Kana Kanban



If you’re studying katakana and hiragana, try reading the sign on top of this vending machine. Use the rikaichan popup dictionary or your favorite reference tool with my transcription below the photo if you need help.

The verb 知ってる is written in hiragana, しってる, and the noun 美味しさ,  or おいしさ here, gets the hiragana treatment as well.

i-adjectives in Japanese are easy to convert to their noun forms,  just replace the final i(い) with sa(さ). This pitch for Coca-Cola includes a great example of this in a natural context,  with the adjective for delicious, おいしい appearing in its noun form, おいしさ. For more examples of this, take a moment to read a very concise,  well done piece here, at NIHONGO ICHIBAN.

Did you notice that 本当に(ほんとに) is written in katakana in this ad? In Japan katakana is often employed in advertising for emphasis, much as italics would be used in elsewhere.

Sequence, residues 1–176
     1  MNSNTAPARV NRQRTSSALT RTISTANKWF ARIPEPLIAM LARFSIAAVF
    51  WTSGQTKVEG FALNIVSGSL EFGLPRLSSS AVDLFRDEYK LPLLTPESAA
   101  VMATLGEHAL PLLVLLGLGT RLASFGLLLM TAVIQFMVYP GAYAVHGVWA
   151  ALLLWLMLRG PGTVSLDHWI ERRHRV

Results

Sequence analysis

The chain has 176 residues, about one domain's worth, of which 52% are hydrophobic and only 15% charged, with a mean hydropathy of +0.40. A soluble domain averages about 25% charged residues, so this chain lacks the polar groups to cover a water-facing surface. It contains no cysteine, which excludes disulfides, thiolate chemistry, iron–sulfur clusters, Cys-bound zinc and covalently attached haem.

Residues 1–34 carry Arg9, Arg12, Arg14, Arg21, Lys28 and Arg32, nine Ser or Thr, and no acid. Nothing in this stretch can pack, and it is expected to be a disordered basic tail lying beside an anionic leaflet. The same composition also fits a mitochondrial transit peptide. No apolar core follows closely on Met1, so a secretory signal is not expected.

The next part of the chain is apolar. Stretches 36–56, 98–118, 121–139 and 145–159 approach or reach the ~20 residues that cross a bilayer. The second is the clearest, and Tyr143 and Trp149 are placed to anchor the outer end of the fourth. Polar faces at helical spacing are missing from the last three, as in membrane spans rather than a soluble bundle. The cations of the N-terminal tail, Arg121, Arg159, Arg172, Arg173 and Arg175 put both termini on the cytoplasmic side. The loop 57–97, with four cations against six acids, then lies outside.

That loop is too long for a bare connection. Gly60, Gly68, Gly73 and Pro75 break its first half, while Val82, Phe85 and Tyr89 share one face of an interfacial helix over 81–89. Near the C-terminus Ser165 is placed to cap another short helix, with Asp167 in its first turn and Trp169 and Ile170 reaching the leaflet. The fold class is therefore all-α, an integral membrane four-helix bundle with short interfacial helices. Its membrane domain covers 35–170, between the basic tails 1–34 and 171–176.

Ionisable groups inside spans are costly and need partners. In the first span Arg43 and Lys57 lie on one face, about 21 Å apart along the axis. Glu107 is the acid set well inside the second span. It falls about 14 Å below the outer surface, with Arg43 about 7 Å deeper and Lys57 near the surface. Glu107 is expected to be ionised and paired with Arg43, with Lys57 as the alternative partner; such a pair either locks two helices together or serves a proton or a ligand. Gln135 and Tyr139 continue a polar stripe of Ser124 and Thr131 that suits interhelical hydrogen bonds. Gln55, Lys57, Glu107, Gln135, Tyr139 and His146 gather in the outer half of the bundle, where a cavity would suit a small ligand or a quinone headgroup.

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Originally posted 2013-09-07 01:00:04.

If you’re learning katakana, try reading this sign that I saw in Kyoto and you’ll discover what kind product they sell.  Sort of.  I honestly can’t quite picture their merchandise,  as far as what makes it distinct from my own setup.  I wonder what I’m missing out on?

I took this picture in part because the company’s van quite considerately has the name written on its side in the roman alphabet,  so that you can check your reading skills by slowly scrolling down to the next picture, after you give this sign a whirl.

Keep scrolling……..
almost there………

Originally posted 2012-08-27 07:45:29.